Although good cameras, the Karat and Karomat were not cheap. In an ad from the February 1954 issue of Modern Photography, the ANSCO Karomat with the Schneider 50/2 lens was listed at $164.10 which when adjusted for inflation is comparable to over $1500 today. Not everyone could afford a camera in that league and with an increasing number of cameras coming out of Japan, it was clear that both AGFA and ANSCO needed a less expensive option.
In 1953, AGFA would release two new, less expensive models called the Silette and Solinette. The Silette was a solid bodied camera with front element focus, a 3-element AGFA Apotar lens, and a Pronto shutter with speeds from 1/25 – 1/200, and the Solinette was a folding bed camera with unit focus, a variety of 3 and 4-element lenses, and better Prontor and Compur shutters with speeds as fast as 1/500. Both the Silette and Solinettes had a rangefinder version both called the Super Silette and Super Solinette.
For export to the US, ANSCO carried their own versions of these 4 cameras called the Memar and Regent. Like the AGFA branded models, there were scale focus and rangefinder versions available in the US with the word “Super” in the name. As best as I can tell, all 4 of the ANSCO models, the Memar ($39.50), Super Memar ($69.50), Regent ($54.50), and Super Regent ($87.50) were all available in late 1953, early 1954 and were available while the Karomat was still in production. Some sources online suggest the Regent replaced the Karomat in ANSCO’s lineup, but that’s not entirely true as I’ve seen all of these models advertised together at the same time.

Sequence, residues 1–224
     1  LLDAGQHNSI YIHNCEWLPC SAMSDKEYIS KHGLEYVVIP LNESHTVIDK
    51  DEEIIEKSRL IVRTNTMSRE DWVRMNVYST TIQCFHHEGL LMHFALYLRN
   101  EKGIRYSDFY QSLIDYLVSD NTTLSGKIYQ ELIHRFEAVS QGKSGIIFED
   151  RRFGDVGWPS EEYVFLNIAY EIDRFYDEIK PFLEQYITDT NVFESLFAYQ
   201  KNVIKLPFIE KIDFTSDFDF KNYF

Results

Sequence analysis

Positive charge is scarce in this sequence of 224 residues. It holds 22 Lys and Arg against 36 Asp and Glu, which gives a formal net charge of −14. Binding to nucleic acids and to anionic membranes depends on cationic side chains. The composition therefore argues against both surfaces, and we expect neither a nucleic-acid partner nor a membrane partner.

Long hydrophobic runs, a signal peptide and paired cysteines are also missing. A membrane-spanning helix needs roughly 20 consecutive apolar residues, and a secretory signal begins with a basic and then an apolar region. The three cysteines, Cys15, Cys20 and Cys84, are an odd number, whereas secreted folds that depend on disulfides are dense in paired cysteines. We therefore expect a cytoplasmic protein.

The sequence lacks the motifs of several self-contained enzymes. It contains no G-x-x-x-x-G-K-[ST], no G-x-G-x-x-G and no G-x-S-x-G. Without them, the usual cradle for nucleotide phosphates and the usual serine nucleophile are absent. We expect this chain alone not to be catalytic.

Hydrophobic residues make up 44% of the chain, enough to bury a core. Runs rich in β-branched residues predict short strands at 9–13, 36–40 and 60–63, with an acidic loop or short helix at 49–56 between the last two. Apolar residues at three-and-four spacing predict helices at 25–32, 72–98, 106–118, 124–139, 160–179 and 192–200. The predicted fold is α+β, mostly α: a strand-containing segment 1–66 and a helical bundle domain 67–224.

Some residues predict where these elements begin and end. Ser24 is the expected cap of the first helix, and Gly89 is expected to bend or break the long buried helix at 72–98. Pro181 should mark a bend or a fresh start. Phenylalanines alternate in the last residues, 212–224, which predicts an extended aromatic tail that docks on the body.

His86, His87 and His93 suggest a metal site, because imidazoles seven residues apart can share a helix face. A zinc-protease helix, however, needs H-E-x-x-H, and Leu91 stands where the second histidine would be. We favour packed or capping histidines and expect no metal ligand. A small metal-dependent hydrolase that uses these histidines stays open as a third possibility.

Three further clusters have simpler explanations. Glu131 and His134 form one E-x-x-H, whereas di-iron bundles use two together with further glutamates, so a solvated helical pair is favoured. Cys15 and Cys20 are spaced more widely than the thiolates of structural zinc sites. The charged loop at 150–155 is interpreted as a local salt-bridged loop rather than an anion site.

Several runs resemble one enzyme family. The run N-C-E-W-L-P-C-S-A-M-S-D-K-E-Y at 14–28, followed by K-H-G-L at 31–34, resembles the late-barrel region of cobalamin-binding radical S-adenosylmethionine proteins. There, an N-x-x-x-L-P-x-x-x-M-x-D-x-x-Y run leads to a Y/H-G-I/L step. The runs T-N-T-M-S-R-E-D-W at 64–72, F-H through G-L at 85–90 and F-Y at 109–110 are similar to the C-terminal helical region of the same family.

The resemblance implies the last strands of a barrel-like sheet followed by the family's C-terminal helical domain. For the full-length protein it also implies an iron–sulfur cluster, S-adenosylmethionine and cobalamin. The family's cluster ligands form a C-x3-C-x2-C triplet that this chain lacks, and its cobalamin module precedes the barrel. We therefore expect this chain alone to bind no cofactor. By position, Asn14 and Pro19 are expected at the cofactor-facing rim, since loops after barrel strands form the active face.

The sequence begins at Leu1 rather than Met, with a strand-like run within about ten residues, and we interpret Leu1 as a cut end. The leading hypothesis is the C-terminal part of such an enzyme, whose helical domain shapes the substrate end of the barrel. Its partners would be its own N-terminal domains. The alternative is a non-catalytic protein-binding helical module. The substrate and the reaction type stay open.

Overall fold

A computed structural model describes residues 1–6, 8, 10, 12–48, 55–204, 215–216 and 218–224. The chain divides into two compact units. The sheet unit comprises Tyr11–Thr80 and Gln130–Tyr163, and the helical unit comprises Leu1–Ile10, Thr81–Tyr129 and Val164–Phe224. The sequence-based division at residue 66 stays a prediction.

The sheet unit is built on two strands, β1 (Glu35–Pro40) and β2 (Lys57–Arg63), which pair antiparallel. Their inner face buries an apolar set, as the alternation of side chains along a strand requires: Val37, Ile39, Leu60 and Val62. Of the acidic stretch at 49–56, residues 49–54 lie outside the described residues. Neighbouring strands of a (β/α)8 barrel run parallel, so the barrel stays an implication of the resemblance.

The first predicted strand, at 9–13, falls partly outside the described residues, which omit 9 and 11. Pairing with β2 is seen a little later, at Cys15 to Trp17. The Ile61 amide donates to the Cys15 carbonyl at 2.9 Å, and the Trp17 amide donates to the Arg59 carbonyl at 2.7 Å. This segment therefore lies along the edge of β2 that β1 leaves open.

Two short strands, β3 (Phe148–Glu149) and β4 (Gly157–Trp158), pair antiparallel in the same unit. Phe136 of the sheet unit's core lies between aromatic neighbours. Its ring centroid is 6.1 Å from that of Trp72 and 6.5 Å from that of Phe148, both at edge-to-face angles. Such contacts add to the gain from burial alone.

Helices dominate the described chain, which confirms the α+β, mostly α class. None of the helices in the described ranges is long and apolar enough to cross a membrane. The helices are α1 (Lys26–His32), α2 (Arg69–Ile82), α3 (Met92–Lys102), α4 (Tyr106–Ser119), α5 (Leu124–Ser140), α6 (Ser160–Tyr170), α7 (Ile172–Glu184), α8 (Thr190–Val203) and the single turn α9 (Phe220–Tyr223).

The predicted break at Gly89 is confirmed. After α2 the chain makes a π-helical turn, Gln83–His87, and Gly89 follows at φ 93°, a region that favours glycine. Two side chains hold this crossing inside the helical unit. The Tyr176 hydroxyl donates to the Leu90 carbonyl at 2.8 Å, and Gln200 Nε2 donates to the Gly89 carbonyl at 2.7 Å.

The Super Regent, being the most advanced of the 4 new models, sold for $87.50 which was still a far cry from the $164.10 price that the Karomat demanded. I saw some information that around 1955, the Karomat’s price dropped to $125 making it a bit more attractive, but still a large jump up from the Super Regent.